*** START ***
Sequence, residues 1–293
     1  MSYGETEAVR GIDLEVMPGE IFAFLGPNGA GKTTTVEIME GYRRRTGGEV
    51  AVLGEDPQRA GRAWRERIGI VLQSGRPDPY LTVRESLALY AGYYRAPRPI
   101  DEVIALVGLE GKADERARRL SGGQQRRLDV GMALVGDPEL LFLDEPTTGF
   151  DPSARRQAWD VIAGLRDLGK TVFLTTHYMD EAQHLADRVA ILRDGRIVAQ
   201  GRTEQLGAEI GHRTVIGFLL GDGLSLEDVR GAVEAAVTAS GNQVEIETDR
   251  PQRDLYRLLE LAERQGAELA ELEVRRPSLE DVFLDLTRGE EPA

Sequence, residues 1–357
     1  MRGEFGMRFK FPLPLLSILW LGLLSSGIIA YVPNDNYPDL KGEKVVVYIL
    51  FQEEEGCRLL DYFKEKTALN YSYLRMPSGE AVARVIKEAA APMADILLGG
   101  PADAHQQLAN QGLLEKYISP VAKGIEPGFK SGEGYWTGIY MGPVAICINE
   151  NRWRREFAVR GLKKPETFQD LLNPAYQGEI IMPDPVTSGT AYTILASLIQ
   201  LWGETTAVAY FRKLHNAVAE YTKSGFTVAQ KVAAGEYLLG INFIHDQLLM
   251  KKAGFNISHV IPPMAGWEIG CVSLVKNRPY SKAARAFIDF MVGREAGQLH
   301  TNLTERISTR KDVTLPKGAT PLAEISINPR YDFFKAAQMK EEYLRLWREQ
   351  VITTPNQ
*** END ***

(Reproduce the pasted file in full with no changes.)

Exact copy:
Sequence, residues 1–293
     1  MSYGETEAVR GIDLEVMPGE IFAFLGPNGA GKTTTVEIME GYRRRTGGEV
    51  AVLGEDPQRA GRAWRERIGI VLQSGRPDPY LTVRESLALY AGYYRAPRPI
   101  DEVIALVGLE GKADERARRL SGGQQRRLDV GMALVGDPEL LFLDEPTTGF
   151  DPSARRQAWD VIAGLRDLGK TVFLTTHYMD EAQHLADRVA ILRDGRIVAQ
   201  GRTEQLGAEI GHRTVIGFLL GDGLSLEDVR GAVEAAVTAS GNQVEIETDR
   251  PQRDLYRLLE LAERQGAELA ELEVRRPSLE DVFLDLTRGE EPA

Sequence, residues 1–357
     1  MRGEFGMRFK FPLPLLSILW LGLLSSGIIA YVPNDNYPDL KGEKVVVYIL
    51  FQEEEGCRLL DYFKEKTALN YSYLRMPSGE AVARVIKEAA APMADILLGG
   101  PADAHQQLAN QGLLEKYISP VAKGIEPGFK SGEGYWTGIY MGPVAICINE
   151  NRWRREFAVR GLKKPETFQD LLNPAYQGEI IMPDPVTSGT AYTILASLIQ
   201  LWGETTAVAY FRKLHNAVAE YTKSGFTVAQ KVAAGEYLLG INFIHDQLLM
   251  KKAGFNISHV IPPMAGWEIG CVSLVKNRPY SKAARAFIDF MVGREAGQLH
   301  TNLTERISTR KDVTLPKGAT PLAEISINPR YDFFKAAQMK EEYLRLWREQ
   351  VITTPNQ